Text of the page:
Charlotte Brontë famously lived her entire life in an isolated parsonage on a remote English moor with a demanding father and siblings whose astonishing childhood creativity was a closely held secret. The genius of Claire Harman's biography is that it transcends these melancholy facts to reveal a woman for whom duty and piety gave way to quiet rebellion and fierce ambition. Drawing on letters unavailable to previous biographers, Harman depicts Charlotte's inner life with absorbing, almost novelistic intensity.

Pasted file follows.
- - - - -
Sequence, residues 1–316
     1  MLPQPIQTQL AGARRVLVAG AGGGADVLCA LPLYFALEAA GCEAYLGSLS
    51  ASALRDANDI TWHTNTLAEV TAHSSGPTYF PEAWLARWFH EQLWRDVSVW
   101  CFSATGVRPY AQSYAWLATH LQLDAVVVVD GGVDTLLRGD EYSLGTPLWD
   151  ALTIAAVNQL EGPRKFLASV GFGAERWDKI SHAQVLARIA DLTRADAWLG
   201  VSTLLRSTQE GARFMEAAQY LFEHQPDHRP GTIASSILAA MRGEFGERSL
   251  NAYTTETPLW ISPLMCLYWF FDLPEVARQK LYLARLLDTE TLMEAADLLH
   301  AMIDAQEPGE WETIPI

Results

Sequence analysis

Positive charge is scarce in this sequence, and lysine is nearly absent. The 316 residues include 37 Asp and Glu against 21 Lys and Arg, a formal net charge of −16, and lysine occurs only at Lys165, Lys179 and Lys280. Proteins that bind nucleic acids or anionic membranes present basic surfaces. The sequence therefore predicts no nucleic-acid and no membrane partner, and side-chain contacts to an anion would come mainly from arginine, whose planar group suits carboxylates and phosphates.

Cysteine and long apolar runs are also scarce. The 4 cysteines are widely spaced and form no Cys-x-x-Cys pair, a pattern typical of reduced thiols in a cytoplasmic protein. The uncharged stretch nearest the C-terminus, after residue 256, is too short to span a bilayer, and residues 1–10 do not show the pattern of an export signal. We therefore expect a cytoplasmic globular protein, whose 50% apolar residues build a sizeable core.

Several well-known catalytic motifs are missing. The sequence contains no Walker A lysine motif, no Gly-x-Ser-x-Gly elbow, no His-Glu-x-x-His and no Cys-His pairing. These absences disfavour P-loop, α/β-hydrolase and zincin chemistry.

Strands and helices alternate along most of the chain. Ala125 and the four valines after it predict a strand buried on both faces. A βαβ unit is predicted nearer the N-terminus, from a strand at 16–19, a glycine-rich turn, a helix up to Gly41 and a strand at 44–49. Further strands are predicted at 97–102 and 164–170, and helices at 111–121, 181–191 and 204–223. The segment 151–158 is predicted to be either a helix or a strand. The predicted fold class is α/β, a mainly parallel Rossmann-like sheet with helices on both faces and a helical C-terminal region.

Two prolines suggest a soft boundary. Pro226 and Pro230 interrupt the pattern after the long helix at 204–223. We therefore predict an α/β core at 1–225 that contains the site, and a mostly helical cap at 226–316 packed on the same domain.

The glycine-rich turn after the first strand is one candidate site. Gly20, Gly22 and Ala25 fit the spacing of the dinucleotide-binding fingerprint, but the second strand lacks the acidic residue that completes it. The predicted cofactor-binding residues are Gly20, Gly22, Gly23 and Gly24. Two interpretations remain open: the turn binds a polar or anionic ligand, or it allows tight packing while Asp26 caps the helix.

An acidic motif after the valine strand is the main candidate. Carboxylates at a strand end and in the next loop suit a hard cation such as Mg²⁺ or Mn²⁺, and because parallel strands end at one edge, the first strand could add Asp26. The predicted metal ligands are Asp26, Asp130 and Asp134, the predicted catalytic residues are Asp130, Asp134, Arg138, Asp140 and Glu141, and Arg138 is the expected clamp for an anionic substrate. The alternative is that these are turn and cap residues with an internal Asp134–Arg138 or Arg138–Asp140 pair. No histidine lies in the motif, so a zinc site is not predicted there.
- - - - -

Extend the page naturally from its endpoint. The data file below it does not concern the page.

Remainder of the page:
She seizes upon a moment in Charlotte's adolescence that ignited her determination to reject poverty and obscurity. She channeled her torment into her first attempts at a novel and resolved to bring it to the world's attention. Charlotte helped power her sisters' work to publication, too. But Emily's Wuthering Heights was eclipsed by Jane Eyre, which set London abuzz with speculation: Who was this fiery author demanding love and justice for her plain and insignificant heroine? Charlotte Brontë's blazingly intelligent women brimming with hidden passions would transform English literature.